Another super easy choice. First off, she’s hilarious. I think I laugh at almost every one of her posts. She reads a ton of books every year. And I know eventually is going to write some great ones. Still waiting for you to finish your book, Aly! And I kind of gave her a nickname. But I’m not telling what it is. And she’s a gamer. Like when does that happen? Oh, and she’s easily the most entertaining person I’m friends with on SnapChat. All great things.

Meg – Meg Writes Stuff

She writes 100 word stories on her blog. And in those 100 words you are guaranteed to be thoroughly entertained. AND she just won a major writing competition! She’s famous. Like no joke. So now I’m more of a fan than anything.

Jess – Like Star Filled Skies

These first four have all been easy choices. Jess has written like 82134 books and she’s only 23. Do you realize what that means? She was born writing. And she paints too! Can you say artistic? Cause this girl is the definition.  You should read her blog because her flash fiction is as good as any fiction I’ve come across on WordPress. And her posts are always interesting.

MP Sharma

Hilarious. Her posts are full of sarcasm and humor and she consistently posts just about everyday. Until now. She’s on a break until early next year, but if you haven’t read her posts before, then you can just scroll through her archives. She doesn’t post about writing or books as much as some other bloggers on this list, but every post is usually short and entertaining. Oh! And she very rarely makes YouTube videos. Her voice. Oh my goodness. Y’all have no idea. It’s perfection.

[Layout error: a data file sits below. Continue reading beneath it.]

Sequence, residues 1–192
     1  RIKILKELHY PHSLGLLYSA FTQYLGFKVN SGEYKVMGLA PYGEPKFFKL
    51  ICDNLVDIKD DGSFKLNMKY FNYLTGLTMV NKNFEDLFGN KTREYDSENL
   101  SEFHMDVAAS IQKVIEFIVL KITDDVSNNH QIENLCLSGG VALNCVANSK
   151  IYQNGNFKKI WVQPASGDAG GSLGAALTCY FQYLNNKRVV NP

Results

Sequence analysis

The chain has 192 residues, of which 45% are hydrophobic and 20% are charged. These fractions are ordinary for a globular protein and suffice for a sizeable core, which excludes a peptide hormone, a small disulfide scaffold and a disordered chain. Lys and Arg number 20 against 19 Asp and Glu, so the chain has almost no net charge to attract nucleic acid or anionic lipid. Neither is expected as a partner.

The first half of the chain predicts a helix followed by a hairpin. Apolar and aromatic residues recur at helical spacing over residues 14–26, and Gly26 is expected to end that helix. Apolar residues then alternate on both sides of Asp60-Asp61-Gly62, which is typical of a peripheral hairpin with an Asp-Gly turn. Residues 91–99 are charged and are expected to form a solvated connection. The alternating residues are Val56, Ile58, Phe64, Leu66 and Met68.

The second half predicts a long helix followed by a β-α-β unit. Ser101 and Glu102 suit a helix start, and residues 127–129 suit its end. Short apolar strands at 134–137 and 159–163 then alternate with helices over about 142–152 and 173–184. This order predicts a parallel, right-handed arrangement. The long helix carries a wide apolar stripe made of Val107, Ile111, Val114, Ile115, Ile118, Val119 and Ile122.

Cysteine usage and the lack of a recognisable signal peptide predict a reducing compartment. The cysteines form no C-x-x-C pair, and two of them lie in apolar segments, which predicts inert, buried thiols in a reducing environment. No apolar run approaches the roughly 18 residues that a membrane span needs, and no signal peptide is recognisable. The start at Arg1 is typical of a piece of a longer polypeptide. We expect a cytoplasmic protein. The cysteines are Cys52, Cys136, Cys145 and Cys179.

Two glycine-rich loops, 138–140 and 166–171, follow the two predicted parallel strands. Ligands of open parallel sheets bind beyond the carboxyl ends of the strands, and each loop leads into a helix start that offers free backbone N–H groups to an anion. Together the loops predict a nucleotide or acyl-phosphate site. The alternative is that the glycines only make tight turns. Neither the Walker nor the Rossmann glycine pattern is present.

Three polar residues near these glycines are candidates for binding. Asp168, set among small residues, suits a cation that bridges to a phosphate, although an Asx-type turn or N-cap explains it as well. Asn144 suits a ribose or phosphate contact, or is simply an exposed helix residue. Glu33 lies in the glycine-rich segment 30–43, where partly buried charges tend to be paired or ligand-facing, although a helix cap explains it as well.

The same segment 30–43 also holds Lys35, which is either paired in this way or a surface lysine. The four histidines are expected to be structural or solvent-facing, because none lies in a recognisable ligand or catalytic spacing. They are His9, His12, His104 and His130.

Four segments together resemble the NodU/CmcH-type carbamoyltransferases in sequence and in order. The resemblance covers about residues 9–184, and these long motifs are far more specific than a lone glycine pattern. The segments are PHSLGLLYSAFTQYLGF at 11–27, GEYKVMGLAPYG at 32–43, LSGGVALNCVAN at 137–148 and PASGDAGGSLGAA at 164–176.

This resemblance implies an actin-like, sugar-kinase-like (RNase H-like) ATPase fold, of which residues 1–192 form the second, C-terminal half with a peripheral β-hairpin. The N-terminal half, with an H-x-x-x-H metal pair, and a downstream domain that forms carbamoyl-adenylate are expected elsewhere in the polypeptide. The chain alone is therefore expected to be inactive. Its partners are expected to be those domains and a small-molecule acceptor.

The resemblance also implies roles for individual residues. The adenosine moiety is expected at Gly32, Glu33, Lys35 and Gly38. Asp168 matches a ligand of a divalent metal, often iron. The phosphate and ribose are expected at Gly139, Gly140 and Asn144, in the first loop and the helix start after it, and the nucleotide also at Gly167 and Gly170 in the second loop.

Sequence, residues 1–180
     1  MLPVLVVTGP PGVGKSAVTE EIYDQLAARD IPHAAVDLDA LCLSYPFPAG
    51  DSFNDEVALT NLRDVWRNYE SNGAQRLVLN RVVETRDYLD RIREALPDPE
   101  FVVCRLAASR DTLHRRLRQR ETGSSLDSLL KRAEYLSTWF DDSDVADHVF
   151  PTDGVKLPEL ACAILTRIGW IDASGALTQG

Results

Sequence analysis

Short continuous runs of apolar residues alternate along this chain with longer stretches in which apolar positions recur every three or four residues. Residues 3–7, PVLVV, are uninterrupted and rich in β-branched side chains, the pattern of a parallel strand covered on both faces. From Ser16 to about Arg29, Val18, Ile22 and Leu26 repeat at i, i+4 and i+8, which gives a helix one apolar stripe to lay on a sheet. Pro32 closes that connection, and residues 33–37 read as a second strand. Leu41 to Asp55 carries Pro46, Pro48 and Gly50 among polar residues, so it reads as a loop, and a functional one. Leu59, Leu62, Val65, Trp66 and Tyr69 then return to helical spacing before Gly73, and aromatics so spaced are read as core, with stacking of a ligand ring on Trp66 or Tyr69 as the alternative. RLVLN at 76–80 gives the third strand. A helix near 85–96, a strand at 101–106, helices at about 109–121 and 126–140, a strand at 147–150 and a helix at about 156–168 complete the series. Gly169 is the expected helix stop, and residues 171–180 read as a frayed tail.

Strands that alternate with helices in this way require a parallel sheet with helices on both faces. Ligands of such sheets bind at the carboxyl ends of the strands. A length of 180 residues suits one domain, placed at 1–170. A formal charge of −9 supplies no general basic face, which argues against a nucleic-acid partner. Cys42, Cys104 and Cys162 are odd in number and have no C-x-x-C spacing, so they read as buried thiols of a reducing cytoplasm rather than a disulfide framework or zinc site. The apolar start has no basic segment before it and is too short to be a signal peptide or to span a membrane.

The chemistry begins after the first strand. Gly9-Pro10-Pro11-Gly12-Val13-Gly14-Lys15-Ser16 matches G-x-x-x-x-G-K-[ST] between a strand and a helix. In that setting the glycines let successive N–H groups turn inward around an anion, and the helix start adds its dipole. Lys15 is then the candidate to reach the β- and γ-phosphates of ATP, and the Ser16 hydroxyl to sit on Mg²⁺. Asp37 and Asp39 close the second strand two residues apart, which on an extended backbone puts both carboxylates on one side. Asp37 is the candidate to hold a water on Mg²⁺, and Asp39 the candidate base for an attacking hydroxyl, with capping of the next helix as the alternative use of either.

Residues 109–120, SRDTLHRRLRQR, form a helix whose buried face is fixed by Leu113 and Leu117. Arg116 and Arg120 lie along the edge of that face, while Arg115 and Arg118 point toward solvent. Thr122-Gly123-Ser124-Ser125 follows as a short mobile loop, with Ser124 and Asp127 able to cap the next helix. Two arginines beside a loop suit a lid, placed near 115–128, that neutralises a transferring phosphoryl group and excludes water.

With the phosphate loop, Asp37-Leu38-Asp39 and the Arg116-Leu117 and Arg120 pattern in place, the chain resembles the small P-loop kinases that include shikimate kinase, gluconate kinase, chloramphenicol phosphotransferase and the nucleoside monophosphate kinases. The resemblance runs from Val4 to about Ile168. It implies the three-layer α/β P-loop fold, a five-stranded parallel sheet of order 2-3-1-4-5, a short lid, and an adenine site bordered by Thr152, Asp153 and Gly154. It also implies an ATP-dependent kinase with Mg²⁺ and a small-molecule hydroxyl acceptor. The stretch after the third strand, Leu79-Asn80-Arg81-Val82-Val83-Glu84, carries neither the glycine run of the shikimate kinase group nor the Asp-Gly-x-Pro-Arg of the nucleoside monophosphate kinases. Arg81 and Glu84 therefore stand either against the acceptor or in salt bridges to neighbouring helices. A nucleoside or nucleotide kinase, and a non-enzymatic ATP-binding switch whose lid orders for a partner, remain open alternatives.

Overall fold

Crystal – Writer’s Bounty

Simply put, she writes the best poetry that I read on WordPress. And I usually read a lot. Whenever I post a poem I’ve written I’m always just kind of hoping that she’ll think it’s written okay. But shhh, she doesn’t know that.

John – Get Off my Lawn

His posts are pretty random. But this guy is witty, sarcastic, and hilarious. Like the other bloggers I’ve mentioned are pretty funny people, but he’s on another level. I’ll comment on one of his posts or he’ll comment on one of mine and I’ll just be laughing uncontrollably for a few minutes. Just check out his blog. You’re missing out until you do.


Just an all around blogger. She’s posted poetry, random real-life stories (I think), and writing questions. What more do you want? She’s the only blogger on the list to have two blogs I like, so she gets two links. Her name is one link and her blog is the other.

So that’s it! The best bloggers I’ve interacted with over the course of 2014! I focused on them in my brief descriptions, but every one of them has also been around my blog quite a bit. Go check them out!

Millennials Read More Than You


Photo Credit

Yep. You read that right. Pew Research Center just recently released a report that says as much. Want to know what I think about it? Here’s my entire response….HA!

If you play around on WordPress or just the internet in general you’re likely to come across dozens of articles (blog posts) that start with something like “People just aren’t reading anymore.” or “Do people even read books anymore?” or “Books are dead.” I know you know what I’m talking about. But these are all just opinions of individuals who have no idea what they’re talking about. They think that because they don’t read and probably their friends and family don’t read that that means every other person in America also doesn’t read. Like…huh?